3.  Many spiders have 8 eyes.  Lay your tiny candies on the cephalothorax in two rows with 4 in each row.  Even with all those eyes, most spiders do not have good eyesight.  How can a spider know when an insect is caught in its web?  (It feels the vibrations with its legs.)
 
4.  In the front of a spider’s body are its jaws and fangs.  Stick 2 noodles into the filling of the cookie so they stick out under its eyes.  Its jaws are very strong, and its fangs are sharp and poisonous.  When a spider catches an insect, it uses its fangs in two ways.  First, it injects its prey with poison to paralyze it.  Then, because spiders can only digest liquids, it injects the insect with digestive fluids that turn its insides into bug soup.  The spider then sucks up the meal.  It leaves the crunchy outside of the insect for another animal to enjoy.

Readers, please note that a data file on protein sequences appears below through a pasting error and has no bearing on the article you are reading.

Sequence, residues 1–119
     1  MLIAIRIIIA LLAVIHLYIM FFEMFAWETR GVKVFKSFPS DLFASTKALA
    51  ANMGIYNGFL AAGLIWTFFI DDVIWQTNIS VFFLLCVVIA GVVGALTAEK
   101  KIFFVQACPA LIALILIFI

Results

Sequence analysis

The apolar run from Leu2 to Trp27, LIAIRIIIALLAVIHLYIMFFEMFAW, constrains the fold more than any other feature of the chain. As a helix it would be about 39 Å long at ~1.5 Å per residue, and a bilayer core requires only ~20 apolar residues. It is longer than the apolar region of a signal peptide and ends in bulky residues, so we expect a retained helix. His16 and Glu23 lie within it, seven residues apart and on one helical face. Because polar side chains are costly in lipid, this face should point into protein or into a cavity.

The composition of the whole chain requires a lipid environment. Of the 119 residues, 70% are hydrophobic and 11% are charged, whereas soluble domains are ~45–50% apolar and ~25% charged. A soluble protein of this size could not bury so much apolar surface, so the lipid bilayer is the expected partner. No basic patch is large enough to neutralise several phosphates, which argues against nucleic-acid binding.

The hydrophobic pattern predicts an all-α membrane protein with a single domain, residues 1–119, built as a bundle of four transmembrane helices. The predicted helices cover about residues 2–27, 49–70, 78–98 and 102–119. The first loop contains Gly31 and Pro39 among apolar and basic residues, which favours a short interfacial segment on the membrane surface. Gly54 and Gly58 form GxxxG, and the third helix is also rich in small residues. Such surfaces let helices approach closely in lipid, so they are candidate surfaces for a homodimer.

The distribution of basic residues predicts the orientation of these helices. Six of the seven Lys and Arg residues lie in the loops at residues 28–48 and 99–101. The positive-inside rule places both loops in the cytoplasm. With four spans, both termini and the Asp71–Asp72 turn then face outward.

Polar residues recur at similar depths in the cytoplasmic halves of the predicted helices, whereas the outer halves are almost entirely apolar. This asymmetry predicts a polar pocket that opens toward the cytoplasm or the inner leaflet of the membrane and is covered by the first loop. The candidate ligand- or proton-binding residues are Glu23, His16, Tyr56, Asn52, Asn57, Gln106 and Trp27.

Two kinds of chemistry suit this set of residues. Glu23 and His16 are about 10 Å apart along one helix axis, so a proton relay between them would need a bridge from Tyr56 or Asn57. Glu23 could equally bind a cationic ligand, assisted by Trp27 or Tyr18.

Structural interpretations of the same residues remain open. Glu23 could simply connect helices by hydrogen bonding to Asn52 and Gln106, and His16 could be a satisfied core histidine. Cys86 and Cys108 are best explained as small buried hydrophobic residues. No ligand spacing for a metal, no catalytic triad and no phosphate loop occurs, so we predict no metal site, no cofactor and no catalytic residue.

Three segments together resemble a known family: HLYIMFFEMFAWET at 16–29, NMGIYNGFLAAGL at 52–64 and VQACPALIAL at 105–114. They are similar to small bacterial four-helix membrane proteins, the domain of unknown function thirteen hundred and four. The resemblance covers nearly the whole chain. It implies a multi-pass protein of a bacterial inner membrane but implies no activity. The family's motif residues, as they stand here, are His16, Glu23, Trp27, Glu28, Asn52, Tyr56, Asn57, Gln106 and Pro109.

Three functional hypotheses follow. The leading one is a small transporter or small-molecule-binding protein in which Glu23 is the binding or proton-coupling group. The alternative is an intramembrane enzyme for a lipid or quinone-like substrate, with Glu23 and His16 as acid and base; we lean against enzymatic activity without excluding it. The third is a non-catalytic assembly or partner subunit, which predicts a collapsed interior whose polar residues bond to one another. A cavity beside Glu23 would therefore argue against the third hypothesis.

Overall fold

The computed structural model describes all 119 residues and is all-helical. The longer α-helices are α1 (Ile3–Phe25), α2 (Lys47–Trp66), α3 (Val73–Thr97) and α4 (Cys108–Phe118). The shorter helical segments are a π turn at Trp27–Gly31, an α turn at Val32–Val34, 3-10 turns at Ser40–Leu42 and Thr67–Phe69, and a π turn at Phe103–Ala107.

5.  Open your spider’s abdomen.  This part contains the heart and lungs.  In the back of the abdomen are 6 tiny spinnerets – tubes that release thin threads of silk to make a web or an egg sack.  Place 6 sunflower seeds inside the back part of the spider’s body to remind you of the spinnerets.  Put the top back on the cookie.
 
6.  Enjoy your delicious spider!

You might also enjoy my previous blog post here.

Tuesday, October 29, 2013

Scripture Cake for Harriet Powers' Birthday

Birthday Cake Quilt Block
 
If you've been reading State Fair by Earlene Fowler along with the Quilters' Book Club, you know about the famous quilter, Harriet Powers.  An African-American slave, she was born in rural Georgia 176 years ago on October 29, 1837.  In honor of her Bible Quilt, which today hangs in the Smithsonian, I thought we'd celebrate her birthday with a Scripture Cake!  Enjoy!
 

SCRIPTURE CAKE
1½ cups Judges 5:25 
3 cups Jeremiah 6:20
6 Jeremiah 17:11
3½ cups Exodus 29:2
2 teaspoons Amos 4:5
2 Chronicles 9:9 to taste
A pinch of Leviticus 2:13
1 cup Genesis 24:17
1 tablespoon 1 Samuel 14:25
2 cups 1 Samuel 30:12
2 cups chopped dried Song of Solomon 2:13
2 cups slivered or chopped Numbers 17:8